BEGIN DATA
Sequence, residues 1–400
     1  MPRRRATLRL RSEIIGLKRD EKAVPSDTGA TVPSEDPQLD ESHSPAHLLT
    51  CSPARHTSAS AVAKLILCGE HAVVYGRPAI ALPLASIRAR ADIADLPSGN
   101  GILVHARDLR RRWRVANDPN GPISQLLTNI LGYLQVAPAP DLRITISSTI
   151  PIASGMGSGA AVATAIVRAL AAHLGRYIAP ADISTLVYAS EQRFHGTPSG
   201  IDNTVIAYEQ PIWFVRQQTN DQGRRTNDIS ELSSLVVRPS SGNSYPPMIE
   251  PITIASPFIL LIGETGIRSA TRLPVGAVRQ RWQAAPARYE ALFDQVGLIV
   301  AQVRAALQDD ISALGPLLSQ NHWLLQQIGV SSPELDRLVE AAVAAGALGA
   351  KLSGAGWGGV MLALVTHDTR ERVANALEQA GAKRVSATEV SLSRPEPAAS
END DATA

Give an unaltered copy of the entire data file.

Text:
Sequence, residues 1–400
     1  MPRRRATLRL RSEIIGLKRD EKAVPSDTGA TVPSEDPQLD ESHSPAHLLT
    51  CSPARHTSAS AVAKLILCGE HAVVYGRPAI ALPLASIRAR ADIADLPSGN
   101  GILVHARDLR RRWRVANDPN GPISQLLTNI LGYLQVAPAP DLRITISSTI
   151  PIASGMGSGA AVATAIVRAL AAHLGRYIAP ADISTLVYAS EQRFHGTPSG
   201  IDNTVIAYEQ PIWFVRQQTN DQGRRTNDIS ELSSLVVRPS SGNSYPPMIE
   251  PITIASPFIL LIGETGIRSA TRLPVGAVRQ RWQAAPARYE ALFDQVGLIV
   301  AQVRAALQDD ISALGPLLSQ NHWLLQQIGV SSPELDRLVE AAVAAGALGA
   351  KLSGAGWGGV MLALVTHDTR ERVANALEQA GAKRVSATEV SLSRPEPAAS